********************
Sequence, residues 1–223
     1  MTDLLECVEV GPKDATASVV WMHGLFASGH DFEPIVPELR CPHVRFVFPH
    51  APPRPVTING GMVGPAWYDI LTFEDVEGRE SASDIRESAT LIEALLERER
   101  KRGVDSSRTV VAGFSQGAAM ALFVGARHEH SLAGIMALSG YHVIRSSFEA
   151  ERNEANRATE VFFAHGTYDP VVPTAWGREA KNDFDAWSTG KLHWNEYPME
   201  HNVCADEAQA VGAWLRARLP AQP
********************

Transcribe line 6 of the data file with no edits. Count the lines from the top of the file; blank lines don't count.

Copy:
   201  HNVCADEAQA VGAWLRARLP AQP